“We like to support them,” she said. “We show up when they solo if we can, we show up when they get their private pilot’s license.”
Fusano is now working towards getting her ground instructor certificate, so she can help out with teaching, but she continues to fly kids from near and far, including quite a few from right here in the Santa Clarita Valley.
“We fly right over Santa Clarita,” she added. “I like to ask the kids, ‘What’s better than going to Magic Mountain? — flying over Magic Mountain!’”
The Young Eagles program gives participants a chance to experience a free airplane ride and an introduction into the safety operations of airplanes, as well as the basic principles of aviation. After the flight, participants receive a certificate, along with a way to continue their aviation experience if they so choose.
“There are pathways for them after that first flight,” Knapinski said. “The young person becomes an EAA member, and they also receive the possibility to go onto an online pilot course. We want to give them that opportunity, the information and the resources where they can start to step forward and do that if they wanted.”
The course, which is offered through Sporty’s Pilot Shops, gives them the learning tools they need to take the FAA written test for pilots, Knapinski added.
Fusano bought her plane, 5424J, which she calls Julie after her first granddaughter, in July 2014.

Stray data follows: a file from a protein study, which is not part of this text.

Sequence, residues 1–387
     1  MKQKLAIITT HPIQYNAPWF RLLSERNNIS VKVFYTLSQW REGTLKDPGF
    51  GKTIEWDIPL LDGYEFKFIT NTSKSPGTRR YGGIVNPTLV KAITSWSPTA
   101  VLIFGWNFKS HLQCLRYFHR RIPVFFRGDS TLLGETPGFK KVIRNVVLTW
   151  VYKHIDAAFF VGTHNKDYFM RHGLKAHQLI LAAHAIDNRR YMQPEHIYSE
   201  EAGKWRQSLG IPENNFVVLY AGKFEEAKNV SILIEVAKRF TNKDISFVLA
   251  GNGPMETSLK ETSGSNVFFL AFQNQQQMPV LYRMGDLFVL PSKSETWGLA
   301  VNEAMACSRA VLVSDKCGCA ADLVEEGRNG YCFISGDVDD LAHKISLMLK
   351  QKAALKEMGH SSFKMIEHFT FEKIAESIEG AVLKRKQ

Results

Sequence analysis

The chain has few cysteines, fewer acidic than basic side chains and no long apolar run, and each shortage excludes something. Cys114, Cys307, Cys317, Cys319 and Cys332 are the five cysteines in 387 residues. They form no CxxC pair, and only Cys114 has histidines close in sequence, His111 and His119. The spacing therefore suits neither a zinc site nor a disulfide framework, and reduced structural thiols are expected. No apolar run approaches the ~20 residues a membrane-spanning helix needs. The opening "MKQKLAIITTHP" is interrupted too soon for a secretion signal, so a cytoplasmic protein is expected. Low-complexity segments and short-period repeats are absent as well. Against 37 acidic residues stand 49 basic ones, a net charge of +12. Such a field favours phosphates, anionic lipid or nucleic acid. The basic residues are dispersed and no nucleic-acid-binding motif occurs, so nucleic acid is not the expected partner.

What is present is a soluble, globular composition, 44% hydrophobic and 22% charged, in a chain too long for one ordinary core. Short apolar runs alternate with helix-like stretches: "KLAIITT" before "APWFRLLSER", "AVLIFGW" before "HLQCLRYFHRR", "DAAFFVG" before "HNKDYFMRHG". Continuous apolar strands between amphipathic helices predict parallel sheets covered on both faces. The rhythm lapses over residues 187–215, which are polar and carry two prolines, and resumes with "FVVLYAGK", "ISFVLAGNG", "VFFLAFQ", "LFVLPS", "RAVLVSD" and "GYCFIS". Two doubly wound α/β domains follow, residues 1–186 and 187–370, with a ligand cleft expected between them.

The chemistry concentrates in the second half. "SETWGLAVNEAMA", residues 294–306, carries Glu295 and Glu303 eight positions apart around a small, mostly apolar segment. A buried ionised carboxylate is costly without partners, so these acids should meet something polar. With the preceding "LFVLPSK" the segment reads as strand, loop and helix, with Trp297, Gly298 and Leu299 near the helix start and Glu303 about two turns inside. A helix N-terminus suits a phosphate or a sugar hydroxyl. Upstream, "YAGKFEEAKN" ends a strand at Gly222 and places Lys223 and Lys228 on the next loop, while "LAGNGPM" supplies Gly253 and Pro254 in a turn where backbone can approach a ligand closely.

Since then, she has went on to get her instrument rating in 2017, and should be getting her commercial rating by the end of the year with the goal of becoming a certificated flight instructor.
“I want to teach kids how to fly,” she said. “When people get out of my plane, they’ve pretty much had a lesson.”
She has nearly 800 hours of flight time, and has flown more than 200 kids through the Young Eagles program with even more otherwise.
“When you start flying 100, 200, 300 kids, that puts you in the top 10% of the pilots in the program right there,” Knapinski said.
Any child is eligible to participate in the Young Eagles program, and anyone 18 and over can also participate in the EAA’s Eagle Flights program, according to the EAA.
The Young Eagles program meets at 10 a.m. every fourth Saturday of the month at Whiteman Airport, located at 12653 Osborne St. in Pacoima. For more information, visit youngeagles.org.